Genre and the Space of Social Emotion in Nineteenth Century Indian Theater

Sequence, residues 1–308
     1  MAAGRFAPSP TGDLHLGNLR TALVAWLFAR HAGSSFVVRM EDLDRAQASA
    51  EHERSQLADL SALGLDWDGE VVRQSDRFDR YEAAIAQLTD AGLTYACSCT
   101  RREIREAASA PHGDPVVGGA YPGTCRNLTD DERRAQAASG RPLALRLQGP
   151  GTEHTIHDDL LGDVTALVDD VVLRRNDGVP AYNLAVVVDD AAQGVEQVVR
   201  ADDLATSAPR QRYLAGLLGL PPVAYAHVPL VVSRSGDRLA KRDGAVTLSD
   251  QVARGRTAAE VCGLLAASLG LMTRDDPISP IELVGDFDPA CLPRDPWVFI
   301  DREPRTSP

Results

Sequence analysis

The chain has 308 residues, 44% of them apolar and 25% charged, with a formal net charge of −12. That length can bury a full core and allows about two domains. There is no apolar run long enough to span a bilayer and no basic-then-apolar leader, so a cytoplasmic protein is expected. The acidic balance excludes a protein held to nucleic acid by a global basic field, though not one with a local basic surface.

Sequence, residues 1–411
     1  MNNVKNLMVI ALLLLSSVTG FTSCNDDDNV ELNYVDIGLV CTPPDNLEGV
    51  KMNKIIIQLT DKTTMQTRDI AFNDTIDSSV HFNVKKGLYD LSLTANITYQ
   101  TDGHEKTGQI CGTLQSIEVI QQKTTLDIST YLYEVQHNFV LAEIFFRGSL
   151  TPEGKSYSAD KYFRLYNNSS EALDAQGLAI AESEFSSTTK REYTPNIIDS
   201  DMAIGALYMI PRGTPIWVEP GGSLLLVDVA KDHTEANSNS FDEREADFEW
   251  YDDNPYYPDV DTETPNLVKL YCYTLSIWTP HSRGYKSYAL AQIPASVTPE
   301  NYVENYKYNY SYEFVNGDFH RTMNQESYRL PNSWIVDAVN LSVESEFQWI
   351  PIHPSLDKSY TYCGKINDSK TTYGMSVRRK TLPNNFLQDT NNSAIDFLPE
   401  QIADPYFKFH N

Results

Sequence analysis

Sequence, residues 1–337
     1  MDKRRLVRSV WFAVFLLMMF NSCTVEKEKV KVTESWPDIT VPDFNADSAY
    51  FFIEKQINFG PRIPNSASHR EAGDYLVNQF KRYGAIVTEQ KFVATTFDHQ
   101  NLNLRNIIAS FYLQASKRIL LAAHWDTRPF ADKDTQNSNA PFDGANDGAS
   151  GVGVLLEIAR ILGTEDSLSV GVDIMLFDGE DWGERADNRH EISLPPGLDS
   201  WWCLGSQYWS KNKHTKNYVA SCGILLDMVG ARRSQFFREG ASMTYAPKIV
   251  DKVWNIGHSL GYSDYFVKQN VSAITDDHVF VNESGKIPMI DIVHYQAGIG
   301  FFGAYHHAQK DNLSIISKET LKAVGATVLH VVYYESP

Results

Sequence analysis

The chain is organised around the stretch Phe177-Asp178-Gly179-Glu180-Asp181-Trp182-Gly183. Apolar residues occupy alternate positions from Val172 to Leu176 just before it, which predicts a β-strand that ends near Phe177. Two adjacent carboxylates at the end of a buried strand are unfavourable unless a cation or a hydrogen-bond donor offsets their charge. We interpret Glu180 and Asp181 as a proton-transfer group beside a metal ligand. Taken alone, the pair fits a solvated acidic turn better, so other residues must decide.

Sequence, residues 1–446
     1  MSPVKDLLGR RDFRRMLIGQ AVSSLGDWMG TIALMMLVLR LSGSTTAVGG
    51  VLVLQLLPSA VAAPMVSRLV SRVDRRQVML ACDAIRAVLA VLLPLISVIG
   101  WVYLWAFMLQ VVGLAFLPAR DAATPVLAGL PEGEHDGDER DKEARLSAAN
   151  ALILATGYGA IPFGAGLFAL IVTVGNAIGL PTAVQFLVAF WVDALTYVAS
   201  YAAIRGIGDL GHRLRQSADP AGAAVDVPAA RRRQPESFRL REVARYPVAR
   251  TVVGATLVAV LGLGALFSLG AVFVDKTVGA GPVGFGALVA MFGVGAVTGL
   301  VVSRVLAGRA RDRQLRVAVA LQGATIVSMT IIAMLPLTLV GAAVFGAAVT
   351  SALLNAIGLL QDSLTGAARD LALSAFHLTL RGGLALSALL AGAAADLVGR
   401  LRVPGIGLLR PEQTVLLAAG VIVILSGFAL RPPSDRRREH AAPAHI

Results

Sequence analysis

Farces, comedies, melodrama—among other theatrical genres—all contributed to a multifaceted experience of the theatre in the latter half of the nineteenth century. Perhaps the only truly “public” space (physical, discursive, and performative) in the nineteenth century, the theater nurtured, interrogated, and reconstituted new subjectivities. Theater created new subjectivities by integrating the emotional understanding of rasa and equating it with concepts of liberal humanism as theorized by Adam Smith and David Hume. It functioned as a marketplace of ideas, where the humor of a farce or the sentiment of a melodrama addressed the most pressing social issues of the day in very different ways. In my talk, I will examine a few different plays—all of which consider companionate marriage and women’s education—from the differing perspectives of various genres. My purpose is not to provide a social commentary on these issues myself. Instead, I take a broader perspective and think about the ways in which the theater functions to facilitate the free exchange of ideas, tempered by genre and emotion.